Over is a series of aerial photographs taken from a gyroplane flying over the Polish countryside during the winter. Kacper Kowalski has been an aviation enthusiast for more than 20 years, in particular by means of paragliders and gyroplanes, and is part of a tradition of aerial photography initiated by Edward Burtynsky, George Gerster, George Steinmetz and Yann Arthus-Bertrand, although Kowalski has quickly emerged with his own language.
Capturing immaculate landscapes, the photographer operates as an architect of visual formation, systematically searching and graphing the landscape’s precise lines, leading him to a form of abstraction.
With Over , Kacper Kowalski explores the depths of winter and puts the viewer face-to-face to nature in its sleep. The omnipresence of snow transforms the landscapes into immaculate vast expanses of white where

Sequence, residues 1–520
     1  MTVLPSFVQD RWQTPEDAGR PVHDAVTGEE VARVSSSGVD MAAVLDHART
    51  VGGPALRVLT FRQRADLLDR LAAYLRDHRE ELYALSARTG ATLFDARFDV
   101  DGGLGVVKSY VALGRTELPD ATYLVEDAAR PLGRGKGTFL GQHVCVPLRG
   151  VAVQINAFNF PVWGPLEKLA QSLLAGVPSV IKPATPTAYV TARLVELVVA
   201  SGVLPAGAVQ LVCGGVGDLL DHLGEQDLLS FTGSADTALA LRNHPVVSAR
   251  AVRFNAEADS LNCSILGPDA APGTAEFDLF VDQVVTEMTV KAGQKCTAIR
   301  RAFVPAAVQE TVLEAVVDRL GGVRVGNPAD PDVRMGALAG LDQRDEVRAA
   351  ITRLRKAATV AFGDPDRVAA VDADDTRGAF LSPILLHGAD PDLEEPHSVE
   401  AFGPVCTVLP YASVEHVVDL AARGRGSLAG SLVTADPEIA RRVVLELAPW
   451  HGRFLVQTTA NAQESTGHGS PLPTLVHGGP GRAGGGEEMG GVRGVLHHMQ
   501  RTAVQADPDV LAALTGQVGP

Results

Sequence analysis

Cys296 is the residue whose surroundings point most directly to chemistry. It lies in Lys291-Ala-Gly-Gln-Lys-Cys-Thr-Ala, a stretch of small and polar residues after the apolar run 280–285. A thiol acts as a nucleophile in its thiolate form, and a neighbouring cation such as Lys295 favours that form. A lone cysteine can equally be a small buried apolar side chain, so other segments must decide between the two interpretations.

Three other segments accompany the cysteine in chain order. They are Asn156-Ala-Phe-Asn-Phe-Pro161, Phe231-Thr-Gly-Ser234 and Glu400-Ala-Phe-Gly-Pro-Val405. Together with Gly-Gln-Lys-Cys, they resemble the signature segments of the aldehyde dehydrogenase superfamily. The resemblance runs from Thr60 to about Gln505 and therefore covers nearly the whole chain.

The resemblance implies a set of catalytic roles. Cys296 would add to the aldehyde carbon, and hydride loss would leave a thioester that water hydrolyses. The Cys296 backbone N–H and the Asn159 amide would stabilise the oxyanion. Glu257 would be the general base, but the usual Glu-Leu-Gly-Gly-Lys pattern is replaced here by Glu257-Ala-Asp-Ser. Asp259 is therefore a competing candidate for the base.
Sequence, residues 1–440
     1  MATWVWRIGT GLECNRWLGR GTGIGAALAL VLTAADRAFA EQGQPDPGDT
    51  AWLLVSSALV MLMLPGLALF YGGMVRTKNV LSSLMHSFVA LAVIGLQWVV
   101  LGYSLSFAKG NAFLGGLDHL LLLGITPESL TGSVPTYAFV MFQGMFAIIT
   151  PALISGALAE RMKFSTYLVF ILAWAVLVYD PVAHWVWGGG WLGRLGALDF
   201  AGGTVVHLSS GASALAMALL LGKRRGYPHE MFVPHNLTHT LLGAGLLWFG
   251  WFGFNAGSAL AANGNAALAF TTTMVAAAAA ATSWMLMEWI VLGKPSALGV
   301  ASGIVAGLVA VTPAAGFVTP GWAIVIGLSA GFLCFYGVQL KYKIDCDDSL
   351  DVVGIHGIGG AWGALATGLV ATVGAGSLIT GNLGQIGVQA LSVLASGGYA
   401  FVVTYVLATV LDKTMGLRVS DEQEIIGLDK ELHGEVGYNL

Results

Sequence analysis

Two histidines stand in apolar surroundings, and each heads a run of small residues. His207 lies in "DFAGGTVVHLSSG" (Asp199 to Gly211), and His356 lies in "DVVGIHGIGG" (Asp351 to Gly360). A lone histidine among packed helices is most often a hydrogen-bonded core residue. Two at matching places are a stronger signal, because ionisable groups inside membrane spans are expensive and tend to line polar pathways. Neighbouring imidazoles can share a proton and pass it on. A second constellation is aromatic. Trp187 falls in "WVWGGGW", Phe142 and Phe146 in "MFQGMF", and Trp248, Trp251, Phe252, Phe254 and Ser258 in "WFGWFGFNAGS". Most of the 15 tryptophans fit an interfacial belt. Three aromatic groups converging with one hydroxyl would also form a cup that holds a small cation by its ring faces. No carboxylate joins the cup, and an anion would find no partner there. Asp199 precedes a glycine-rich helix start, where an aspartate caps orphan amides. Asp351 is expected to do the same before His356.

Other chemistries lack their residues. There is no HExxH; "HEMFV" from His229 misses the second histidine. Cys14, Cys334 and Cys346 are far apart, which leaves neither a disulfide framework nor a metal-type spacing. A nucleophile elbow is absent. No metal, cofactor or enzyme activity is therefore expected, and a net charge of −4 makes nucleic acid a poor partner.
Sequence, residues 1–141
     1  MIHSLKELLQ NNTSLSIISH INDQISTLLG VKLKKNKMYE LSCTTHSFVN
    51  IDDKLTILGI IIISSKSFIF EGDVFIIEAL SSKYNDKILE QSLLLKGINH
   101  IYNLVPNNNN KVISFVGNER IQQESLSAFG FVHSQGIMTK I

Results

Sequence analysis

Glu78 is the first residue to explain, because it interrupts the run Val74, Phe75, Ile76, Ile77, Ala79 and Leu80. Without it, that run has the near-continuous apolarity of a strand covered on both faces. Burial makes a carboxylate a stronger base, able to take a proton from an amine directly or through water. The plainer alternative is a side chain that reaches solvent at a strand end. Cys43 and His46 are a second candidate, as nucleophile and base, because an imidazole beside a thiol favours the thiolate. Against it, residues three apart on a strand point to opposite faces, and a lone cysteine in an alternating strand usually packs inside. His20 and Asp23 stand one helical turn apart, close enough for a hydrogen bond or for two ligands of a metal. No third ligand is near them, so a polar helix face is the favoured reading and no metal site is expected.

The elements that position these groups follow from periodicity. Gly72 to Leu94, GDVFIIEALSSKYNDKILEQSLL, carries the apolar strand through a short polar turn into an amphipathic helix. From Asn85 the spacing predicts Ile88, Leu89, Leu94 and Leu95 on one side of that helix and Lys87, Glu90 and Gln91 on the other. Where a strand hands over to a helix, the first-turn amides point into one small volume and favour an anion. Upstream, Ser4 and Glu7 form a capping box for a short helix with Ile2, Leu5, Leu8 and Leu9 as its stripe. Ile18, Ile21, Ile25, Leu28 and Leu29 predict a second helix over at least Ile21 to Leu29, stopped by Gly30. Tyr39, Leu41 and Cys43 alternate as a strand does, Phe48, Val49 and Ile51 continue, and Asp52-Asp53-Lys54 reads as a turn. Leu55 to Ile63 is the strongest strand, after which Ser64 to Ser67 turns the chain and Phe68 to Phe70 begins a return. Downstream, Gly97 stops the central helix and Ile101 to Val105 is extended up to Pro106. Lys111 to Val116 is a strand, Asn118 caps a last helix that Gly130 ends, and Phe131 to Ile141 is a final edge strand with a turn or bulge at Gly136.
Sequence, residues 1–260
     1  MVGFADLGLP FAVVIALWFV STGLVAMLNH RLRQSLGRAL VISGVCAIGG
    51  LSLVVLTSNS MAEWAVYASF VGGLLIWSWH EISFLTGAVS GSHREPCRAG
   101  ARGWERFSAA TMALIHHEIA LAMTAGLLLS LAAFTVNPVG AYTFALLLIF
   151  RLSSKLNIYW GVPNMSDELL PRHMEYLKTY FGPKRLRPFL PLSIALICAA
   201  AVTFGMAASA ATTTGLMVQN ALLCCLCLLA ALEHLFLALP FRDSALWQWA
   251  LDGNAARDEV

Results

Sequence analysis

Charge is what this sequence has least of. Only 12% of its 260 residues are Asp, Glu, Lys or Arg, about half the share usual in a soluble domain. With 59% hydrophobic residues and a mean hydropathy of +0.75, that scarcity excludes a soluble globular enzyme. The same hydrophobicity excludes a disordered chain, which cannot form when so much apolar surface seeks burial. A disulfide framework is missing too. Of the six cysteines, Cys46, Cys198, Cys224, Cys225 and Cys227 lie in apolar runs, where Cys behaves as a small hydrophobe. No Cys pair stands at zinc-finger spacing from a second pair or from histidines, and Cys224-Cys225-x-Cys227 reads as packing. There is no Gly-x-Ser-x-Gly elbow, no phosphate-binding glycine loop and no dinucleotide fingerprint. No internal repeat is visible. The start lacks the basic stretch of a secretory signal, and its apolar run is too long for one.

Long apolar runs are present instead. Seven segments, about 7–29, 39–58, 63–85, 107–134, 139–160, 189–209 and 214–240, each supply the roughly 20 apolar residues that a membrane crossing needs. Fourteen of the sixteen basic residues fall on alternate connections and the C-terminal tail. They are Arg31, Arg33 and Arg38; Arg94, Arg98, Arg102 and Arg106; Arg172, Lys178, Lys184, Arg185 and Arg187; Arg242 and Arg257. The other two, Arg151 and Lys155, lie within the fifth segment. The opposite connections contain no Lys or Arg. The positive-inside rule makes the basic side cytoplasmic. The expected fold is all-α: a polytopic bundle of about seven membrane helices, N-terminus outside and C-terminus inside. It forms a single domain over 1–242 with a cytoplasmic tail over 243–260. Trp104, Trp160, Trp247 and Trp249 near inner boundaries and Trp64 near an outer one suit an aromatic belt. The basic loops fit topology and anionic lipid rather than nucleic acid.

the horizon ends up drifting into the sky. Alone in front of this nature, the viewer is thus confronted with a moment who presence reminds him of the ephemeral nature of the world. The universe belongs to no one.
The ground, covered with snow, helps create photographic compositions of the landscape in black and white. Some traces of life seem to pierce the blanket and rare shades of ochres try to emerge, crystallizing the presence of an artificial world.
The concentration of the photographed elements—whether vegetable, mineral, or artificial (roads, dwellings, metallic structures)—creates sets of shapes that take us away from the real object. Desaturation then helps unearth an atmosphere at once strange and peaceful within the photographs. The shapes, their reflections, and their shadows underline the symmetries and create compositions that tend towards abstraction, and subtlety permeates the entire series.